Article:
The Sentencing Project publishes a report on the declining prospects for parole on life sentences

The Sentencing Project recently released Delaying a Second Chance: The Declining Prospects for Parole on Life Sentences. The Report’s findings came from a national survey to which 31 states and the federal government responded to with available date since 1980. (Full report available here). Some of the highlights are below:

  1. Prisoners serving a life sentence have seen marked increase over the last two decades and represent a significant portion of the incarcerated population.

    As of 2012 one in nine people in state and federal prisoners were there for life sentences (approx. 160,000). The number of people serving life sentences has quadrupled since 1984.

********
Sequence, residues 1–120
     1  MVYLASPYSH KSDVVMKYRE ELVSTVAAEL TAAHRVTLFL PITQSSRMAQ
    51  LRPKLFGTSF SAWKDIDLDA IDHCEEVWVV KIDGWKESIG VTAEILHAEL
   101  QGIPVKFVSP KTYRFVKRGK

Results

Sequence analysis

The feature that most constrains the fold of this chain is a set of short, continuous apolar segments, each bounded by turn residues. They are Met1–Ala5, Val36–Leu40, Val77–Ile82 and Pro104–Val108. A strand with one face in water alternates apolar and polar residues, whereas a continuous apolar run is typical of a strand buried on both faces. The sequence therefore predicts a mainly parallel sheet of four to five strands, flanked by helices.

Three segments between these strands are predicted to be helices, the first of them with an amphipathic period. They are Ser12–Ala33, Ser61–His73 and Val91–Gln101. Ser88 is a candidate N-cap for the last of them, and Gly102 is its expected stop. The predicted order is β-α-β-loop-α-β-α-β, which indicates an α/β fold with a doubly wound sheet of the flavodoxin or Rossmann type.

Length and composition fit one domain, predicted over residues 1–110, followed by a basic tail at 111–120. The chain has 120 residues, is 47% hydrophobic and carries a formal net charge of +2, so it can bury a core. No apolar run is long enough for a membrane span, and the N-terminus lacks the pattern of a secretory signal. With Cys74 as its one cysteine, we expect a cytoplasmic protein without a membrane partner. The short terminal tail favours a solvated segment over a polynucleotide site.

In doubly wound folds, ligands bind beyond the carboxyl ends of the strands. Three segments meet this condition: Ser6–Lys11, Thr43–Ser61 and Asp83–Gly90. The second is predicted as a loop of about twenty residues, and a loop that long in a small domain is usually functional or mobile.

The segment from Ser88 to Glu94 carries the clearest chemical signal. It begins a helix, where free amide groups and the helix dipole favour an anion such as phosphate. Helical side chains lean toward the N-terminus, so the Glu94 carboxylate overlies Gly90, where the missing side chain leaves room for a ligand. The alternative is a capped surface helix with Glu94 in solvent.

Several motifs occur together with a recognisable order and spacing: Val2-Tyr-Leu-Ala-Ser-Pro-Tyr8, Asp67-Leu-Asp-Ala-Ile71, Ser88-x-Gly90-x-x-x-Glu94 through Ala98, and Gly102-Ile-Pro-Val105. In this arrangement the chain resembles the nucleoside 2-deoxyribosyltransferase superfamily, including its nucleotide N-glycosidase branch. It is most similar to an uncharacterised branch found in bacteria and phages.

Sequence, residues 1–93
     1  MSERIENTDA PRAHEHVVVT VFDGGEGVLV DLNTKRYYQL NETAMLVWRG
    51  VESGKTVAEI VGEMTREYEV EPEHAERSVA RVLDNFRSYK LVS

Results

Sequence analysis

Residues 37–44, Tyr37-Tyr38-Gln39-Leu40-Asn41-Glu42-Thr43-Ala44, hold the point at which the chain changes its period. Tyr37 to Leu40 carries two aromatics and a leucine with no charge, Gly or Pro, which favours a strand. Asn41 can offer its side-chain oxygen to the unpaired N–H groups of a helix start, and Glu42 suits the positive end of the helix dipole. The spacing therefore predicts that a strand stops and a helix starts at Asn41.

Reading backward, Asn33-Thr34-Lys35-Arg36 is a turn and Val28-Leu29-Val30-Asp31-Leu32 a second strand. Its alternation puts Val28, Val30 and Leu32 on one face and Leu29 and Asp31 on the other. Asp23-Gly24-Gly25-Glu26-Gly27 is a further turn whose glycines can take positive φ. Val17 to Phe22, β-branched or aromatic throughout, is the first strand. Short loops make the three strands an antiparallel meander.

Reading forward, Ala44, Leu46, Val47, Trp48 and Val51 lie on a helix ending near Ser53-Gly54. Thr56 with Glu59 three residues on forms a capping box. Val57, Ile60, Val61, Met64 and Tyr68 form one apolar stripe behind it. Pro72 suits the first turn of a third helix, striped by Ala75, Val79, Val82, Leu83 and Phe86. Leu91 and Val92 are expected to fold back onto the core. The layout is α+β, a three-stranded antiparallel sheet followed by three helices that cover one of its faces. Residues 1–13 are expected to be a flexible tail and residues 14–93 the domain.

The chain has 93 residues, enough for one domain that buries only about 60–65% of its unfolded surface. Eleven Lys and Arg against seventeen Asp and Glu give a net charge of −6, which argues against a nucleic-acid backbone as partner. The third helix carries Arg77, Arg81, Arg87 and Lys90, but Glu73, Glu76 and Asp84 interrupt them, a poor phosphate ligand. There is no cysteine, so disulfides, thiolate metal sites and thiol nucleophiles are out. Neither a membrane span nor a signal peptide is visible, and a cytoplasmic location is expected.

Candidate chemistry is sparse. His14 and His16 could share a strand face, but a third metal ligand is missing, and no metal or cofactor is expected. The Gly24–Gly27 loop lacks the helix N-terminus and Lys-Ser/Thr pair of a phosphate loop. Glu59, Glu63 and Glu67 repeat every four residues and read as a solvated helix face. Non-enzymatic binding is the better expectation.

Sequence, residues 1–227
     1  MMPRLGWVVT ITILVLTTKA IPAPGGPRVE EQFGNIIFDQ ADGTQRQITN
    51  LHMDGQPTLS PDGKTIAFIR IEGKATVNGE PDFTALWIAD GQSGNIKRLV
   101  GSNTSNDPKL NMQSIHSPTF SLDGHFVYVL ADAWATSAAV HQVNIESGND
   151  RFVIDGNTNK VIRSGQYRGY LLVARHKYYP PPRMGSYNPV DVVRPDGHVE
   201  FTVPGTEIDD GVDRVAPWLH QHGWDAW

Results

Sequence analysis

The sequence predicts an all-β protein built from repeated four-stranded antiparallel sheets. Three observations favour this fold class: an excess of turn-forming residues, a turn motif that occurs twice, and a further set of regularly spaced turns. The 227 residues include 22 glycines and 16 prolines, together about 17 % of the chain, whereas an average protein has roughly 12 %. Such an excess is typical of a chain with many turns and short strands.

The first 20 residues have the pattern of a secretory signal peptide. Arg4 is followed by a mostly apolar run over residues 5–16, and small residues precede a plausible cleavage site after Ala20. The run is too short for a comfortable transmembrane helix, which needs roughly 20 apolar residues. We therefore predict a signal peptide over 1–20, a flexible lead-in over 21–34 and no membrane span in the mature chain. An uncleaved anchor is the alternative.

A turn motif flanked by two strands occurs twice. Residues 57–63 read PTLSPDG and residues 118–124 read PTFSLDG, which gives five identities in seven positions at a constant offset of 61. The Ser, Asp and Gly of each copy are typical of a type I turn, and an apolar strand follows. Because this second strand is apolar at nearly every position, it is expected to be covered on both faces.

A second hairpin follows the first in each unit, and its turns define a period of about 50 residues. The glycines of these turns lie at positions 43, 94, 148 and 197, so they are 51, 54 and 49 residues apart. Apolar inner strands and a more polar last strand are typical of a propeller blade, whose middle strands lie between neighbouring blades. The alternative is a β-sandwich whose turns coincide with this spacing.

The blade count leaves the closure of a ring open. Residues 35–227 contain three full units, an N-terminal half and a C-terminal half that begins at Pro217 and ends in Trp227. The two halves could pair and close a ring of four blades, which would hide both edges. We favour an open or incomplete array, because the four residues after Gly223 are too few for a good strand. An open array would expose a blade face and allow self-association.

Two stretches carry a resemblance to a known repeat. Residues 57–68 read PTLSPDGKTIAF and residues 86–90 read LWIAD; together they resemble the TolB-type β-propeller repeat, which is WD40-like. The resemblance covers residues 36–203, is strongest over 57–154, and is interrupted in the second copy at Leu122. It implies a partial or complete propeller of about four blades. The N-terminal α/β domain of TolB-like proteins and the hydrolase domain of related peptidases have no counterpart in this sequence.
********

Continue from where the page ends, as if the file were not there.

2. More frequent impositions of life sentences and reluctance to grant parole to those serving life sentences has driven the growth in this population.

  3. Sixty-four percent of lifers were convicted of homicide. But, there were more than 10,000 people serving life sentences for nonviolent offenses in 2012.

  4. An examination of lifers released in California found a recidivism rate of less than 1%

    Among a group of 860 individuals convicted of murder who were paroled between 1995 and 2011, less than 1% were sentenced to jail or prison for new felonies, and none recidivated for life-term crimes.

The Report concluded with the following recommendations:

  1. Expedite parole eligibility: Reduce the minimum number of years that lifers must serve before their first parole hearing and shorten wait times for subsequent hearings.